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Durham sees a green rush with legalized weed coming

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DURHAM—In a few months, recreational cannabis will be legal in Canada, and there’s already a green rush in Clarington. There are currently four licensed cannabis producers operating in Clarington, and three more are coming soon — the highest number of licensed cannabis producers in Durham Region.

“When you think about it, this is the lifting of prohibition. It’s like what happened in the alcohol industry all those years ago. The lifting of prohibition is a very exciting time for us,” said Alan Cooke, regional general manager for Canopy Growth’s Bowmanville, Niagara-on-the-Lake and New Brunswick operations.

Cannabis production is a growing industry in Clarington as well as the Durham Region. Canopy Growth has a 55,000-square-foot facility on Bennett Road in Bowmanville that employees upwards of 60 people.
Cannabis production is a growing industry in Clarington as well as the Durham Region. Canopy Growth has a 55,000-square-foot facility on Bennett Road in Bowmanville that employees upwards of 60 people.  

Canopy Growth, with a 55,000-square-foot facility on Bennet Rd., is the largest of several local cannabis-production companies in Clarington. Cannabis companies are finding affordable property, easy access to transportation with local highway access and a welcome reception from the Clarington Board of Trade and the Municipality of Clarington.

“Some people would be surprised at the presence here already,” Clarington Mayor Adrian Foster said. “There is a cluster that has come about on its own.”

For several years, cannabis has been legal for medical purposes, as long as the patient is authorized to use by a health professional and registered with a licensed producer or Health Canada. A hub of licensed medical cannabis producers has settled in Bowmanville, in the industrial area of Bennett Rd. and Lake Rd.

“We are so excited about the potential of this industry and the endless possibilities,” said Sheila Hall, executive director of the Clarington Board of Trade.

The cannabis industry in Durham was largely non-existent during the 2011 census, and data from the 2016 census is not yet available. Currently it’s estimated there are 800 local jobs directly related to the cannabis industry, and it’s anticipated the industry will soon offer more than 1,000 skilled jobs. Jobs in the industry include agriculture/greenhouse work, security, water management, distribution, quality assurance and more. There are occupations that involve hands-on training directly after high school and others that require advanced doctorate degrees in chemistry.

“I like the diversity of occupations. The potential to improve labour market outcomes for the spectrum of Durham Region is really exciting,” said Heather McMillan, executive director of the Durham Workforce Authority.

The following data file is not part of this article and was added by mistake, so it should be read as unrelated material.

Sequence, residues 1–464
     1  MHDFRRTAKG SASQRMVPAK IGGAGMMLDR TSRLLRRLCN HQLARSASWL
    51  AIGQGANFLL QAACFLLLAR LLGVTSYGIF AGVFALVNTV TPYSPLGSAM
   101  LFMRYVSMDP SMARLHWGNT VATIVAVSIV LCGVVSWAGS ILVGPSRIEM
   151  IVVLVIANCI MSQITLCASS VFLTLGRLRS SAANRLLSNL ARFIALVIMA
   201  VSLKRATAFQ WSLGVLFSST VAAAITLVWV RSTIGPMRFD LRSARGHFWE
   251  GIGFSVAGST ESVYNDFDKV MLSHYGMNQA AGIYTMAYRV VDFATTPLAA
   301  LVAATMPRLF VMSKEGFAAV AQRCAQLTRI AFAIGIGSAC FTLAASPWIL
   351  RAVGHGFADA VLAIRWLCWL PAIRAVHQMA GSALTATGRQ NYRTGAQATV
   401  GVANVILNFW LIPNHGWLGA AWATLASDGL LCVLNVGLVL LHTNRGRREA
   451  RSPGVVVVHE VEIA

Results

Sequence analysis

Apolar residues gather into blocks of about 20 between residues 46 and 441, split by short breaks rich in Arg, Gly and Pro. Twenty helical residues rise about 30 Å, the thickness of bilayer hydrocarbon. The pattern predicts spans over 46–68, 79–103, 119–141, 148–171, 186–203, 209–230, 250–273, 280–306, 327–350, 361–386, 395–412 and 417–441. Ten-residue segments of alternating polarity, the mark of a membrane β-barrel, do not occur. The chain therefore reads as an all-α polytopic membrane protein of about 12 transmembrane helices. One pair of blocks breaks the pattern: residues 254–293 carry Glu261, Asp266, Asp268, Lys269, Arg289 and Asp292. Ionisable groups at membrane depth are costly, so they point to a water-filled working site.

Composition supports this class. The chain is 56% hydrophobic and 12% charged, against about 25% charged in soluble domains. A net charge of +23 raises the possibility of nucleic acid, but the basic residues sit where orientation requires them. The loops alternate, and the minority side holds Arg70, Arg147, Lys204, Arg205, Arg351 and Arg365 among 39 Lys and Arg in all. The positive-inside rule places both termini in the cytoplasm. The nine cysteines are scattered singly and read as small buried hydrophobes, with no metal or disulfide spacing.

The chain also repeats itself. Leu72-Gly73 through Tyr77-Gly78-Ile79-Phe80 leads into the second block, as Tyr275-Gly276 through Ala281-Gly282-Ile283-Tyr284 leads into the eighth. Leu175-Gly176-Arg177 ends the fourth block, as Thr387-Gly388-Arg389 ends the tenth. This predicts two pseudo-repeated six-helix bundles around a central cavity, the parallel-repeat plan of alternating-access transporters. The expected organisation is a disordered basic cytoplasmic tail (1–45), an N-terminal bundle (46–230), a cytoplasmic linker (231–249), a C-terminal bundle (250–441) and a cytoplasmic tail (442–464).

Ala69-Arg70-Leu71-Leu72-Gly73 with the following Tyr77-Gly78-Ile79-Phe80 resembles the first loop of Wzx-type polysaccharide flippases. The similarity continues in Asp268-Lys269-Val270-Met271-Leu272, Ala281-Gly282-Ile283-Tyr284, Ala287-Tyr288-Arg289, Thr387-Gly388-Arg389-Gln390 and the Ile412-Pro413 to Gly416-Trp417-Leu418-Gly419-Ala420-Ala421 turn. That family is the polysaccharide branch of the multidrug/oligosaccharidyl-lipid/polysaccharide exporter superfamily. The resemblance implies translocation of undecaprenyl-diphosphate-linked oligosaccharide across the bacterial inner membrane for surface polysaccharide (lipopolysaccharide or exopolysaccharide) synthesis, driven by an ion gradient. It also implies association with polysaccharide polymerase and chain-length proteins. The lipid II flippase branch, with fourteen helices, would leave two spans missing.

This year, Durham College launched a cannabis-industry specialist certificate, a part-time business course. More than 300 people have enrolled in the course, with wait lists, since its launch in November.

“We were the first college in Ontario to launch this course,” said Debbie Johnston, dean of continuing education at Durham College. “They’ll learn about plants, the medical side, the history, market and supply … We’re not going to teach people how to be an accountant. We’ll teach an accountant how to talk about the cannabis industry.” 

The local cannabis industry is expected to grow with the upcoming legalization. Many of the current licensed cannabis producers are expected to have both a medical cannabis branch and a recreational cannabis division.

“On every level, this industry is rapidly growing or evolving,” said Melissa Leach, cannabis educator for The Clinic Network Canada Inc. in the Bowmanville Health Centre.

Legalization could mean a range of new local cannabis sectors — from storefront bakeshops to manufacturing plants for edibles and food products.

Delta 9 Chefs is an Oshawa-based company that teaches people who use medical cannabis how to infuse their food with cannabis (from butter to honey balsamic vinaigrette to noodles). With legalization, Delta 9 Chefs could expand to teach recreational users, or even open a cannabis café. When people ingest cannabis the effect is much stronger and they need to be taught how to micro-dose when cooking with it, chef Matt Hawkins explained.

“We can teach you how to make really good food,” Hawkins said. “There’s also a huge education aspect to edibles … People need to understand the severity of it. We’re there to fill in the gaps.”

The Cannabis Act, which will legalize recreational cannabis in Canada, received royal assent in June. That means that, as of Oct. 17, it will no longer be illegal to buy, possess or use cannabis for anything other than authorized medical or research purposes (with some limits).

The rationale for legalization is that it will displace black-market cannabis, better prevent youth from accessing the drug and protect people with quality and safety regulations.

“This is really an opportunity for Canada, as opposed to a threat. People are already consuming cannabis — all around, it’s happening. This is an opportunity to take it out of the black market to put it in a safe, regulated supply chain,” said Mark Zekulin, president of Canopy Growth Corp. “It took this community a lot of courage to accept a cannabis company, to work through that perceived stigma, to recognize, in many ways we’re a business like any other. The product we make is a little unique.”

 

Source: Durham sees a green rush with legalized weed coming | The Star

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